Campaigners for Europe

Why the European elections in May are so important. 

Commitment to Europe: a demonstration in Munich in 2018.
Commitment to Europe: a demonstration in Munich in 2018. dpa

In 2017, tens of thousands of people completely immersed public squares around Europe in the colour blue: seas of balloons with the European flag floated above their heads. Citizens went up to the microphone and shared their thoughts on their continent. At the end of these events you would hear the European anthem. The gatherings were organised by Pulse of Europe, a cross-party campaign group. In the face of the 2016 Brexit referendum and imminent elections in several EU countries, the organisers wanted to send out a clear message in favour of a united Europe. They are now going out onto the streets again. That is because European elections are scheduled for the end of May in all EU countries.

Europe votes

Why the 2019 European elections are so important

Stephanie Hartung is one of the activists who are on the move again. “It will be a decisive European election,” says the Executive Committee member of Pulse of Europe. “This time it is not only a matter of the composition of the European Parliament.” She explains that right-wing populist parties are making no secret of the fact they want to destroy the parliament. “In this scenario you cannot just sit back and do nothing,” says Hartung.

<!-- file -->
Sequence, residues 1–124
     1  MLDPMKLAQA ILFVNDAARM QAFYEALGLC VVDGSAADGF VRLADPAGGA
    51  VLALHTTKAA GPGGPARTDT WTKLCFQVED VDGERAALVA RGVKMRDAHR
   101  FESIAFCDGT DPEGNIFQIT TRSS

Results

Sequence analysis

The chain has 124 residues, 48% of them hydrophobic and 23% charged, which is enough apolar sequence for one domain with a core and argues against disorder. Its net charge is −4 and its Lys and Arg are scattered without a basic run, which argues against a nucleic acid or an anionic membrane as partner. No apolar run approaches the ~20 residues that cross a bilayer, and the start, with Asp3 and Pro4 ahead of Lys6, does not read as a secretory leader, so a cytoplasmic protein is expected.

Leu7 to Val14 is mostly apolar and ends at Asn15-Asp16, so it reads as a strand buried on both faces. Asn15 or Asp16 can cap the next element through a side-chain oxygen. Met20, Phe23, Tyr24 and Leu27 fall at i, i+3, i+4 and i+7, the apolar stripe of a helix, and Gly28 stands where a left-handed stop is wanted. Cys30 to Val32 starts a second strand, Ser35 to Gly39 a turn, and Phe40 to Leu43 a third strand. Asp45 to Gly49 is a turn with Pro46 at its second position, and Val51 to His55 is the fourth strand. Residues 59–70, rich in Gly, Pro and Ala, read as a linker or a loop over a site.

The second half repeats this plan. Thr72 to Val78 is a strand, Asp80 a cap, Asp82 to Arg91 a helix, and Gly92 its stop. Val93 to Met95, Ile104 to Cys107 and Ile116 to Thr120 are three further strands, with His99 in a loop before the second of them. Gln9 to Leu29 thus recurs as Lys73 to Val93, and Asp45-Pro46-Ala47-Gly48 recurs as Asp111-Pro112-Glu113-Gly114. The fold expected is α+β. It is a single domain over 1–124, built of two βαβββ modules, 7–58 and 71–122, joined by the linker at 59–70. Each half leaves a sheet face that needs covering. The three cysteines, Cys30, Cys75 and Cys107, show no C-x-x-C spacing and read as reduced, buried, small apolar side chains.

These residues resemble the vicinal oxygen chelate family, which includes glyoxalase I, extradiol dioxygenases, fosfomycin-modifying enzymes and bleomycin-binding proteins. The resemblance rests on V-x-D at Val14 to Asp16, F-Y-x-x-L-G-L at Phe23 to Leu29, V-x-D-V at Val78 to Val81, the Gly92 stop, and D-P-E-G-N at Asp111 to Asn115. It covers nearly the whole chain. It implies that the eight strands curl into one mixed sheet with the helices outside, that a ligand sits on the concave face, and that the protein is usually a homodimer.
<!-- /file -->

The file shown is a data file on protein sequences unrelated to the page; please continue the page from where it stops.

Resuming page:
Stephanie Hartung is one of the co-founders of the Pulse of Europe movement.
Stephanie Hartung is one of the co-founders of the Pulse of Europe movement. Schiedermair

Above all, together with her fellow campaigners at Pulse of Europe, she would like to ensure a high turnout for the 2019 European elections. In Germany, just under 50% of voters took part in the last election. This time, the campaign group would like to contribute to an increase in the poll. “If we manage to make the importance of the European elections clear, I believe the majority of citizens will support preserving the EU,” she says.

The citizens’ campaign group is now not only organising events. Members are also going into schools to talk with young people about how the EU should treat topics such as climate protection, migration and social issues. Although they are not supporting a unified position on individual issues here, there is a common denominator on which they can all agree: preserving the European Union in order to reform it.

Homeparliaments: giving EU citizens a say

They want to stimulate debate on reforms, for example, in so-called homeparliaments. Homeparliaments are a format that Pulse of Europe organises jointly with its cooperation partner Democracy International. It involves citizens inviting friends and acquaintances into their homes to discuss a major European policy topic. They then send their ideas and views to Pulse of Europe. From there they are passed directly to political decision-makers, who engage in the debate.